Public Affairs Crisis Management  
In A Multi-Service Atmosphere  


     In this project the four-phase crisis management model of Gonzalez-Herrero and  Pratt (1995) serves as a starting point for the crisis management model incorporating the five levels of operationalization outlined in the independent variable.  The four phases of the crisis management process include:  issues management, planning-prevention, the crisis, and post-crisis.  Where appropriate the link to communication theory is explicitly stated.  Major parts of the model (Table 1) are compatible with the theories outlined in the rationale section.  
     Issues management involves scanning the environment for public trends or issues that may affect it in the future. Each military service has its own history of crises or case studies for research that may provide a starting point for future crisis planning.  Studying the history of one’s  service in the public affairs arena is a helpful tool in preparing for the future.   By collecting data on potentially troublesome issues and evaluating them, public affairs professionals  can avert negative actions in the future. Data collection involves research of the files, after-action reports, news clips, and video tapes of key issues. It is helpful to contact sister service professionals to compare trends to better understand the prevailing military environment.  For example, cases of sexual harassment, aircraft crashes, criminal acts by hate groups are recent examples.  Any trend or activity that garners media attention is a potential area to monitor for future developments that may evolve into crisis. 
     Developing a communications strategy and concentrating efforts on preventing an occurrence of a crisis or redirecting its course is key. Knowledge can help the organization plan a strategy that will prevent a crisis.  One example involves the cases of sexual harassment at Fort Meade, Md.  This Army situation sent a message to the other services about an issue with crisis potential.  The opportunity was there for the other services to plan their own strategies, making them better prepared to handle the fallout if a similar case occurred. 
     Theory can play a large role in the issues management phase.  When looking at existing joint plans for crisis management, structural functional theory can be applied.  Since the theory deals with the building of networks and channels within an organization, it follows that setting plans and identifying key players would spring from deciding what issues become important.  The AUM theory is represented in the acculturation level among the services and in the sensitivity level of host country concerns.  In dealing with sister service acculturation, the AUM is used to illustrate the value of reducing anxiety and uncertainty among different branches of the armed forces.  Better understanding, primarily on the part of PA’s, eases the task of making messages correct, clear and, concise.  In the area of sensitivity to host country concerns, the AUM shows the benefit of disclosing information and methods in order to build trust and understanding. Identifying the issues needed to be addressed with the hosts during the issues management phase improves implementation.   While diffusion of innovation theory is better suited to application later in the process, it must be considered in the early formulation of issues. The issues developed that the diffusion machine in the planning prevention phase.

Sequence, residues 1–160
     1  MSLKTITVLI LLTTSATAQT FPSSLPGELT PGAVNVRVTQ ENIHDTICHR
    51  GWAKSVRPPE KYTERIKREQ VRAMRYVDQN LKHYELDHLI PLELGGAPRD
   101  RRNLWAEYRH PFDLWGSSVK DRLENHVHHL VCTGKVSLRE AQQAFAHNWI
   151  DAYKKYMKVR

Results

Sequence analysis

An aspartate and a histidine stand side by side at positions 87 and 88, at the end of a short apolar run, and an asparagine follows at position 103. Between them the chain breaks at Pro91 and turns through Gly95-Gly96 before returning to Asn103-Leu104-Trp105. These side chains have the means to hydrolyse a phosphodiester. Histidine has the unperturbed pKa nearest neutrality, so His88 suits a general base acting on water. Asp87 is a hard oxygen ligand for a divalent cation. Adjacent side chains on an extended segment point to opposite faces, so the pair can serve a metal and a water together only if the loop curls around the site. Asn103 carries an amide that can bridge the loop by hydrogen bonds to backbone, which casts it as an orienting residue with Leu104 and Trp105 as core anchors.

Planning-prevention is primarily concerned with setting a proactive policy based on the issues identified in the first phase. If the public affairs office of a specific service perceives that the issue is beyond management, a crisis is imminent, or the intensity is likely to change, it is time to be proactive. Getting your messages out to the press and internal audiences can reap long-term benefits and help preserve the image.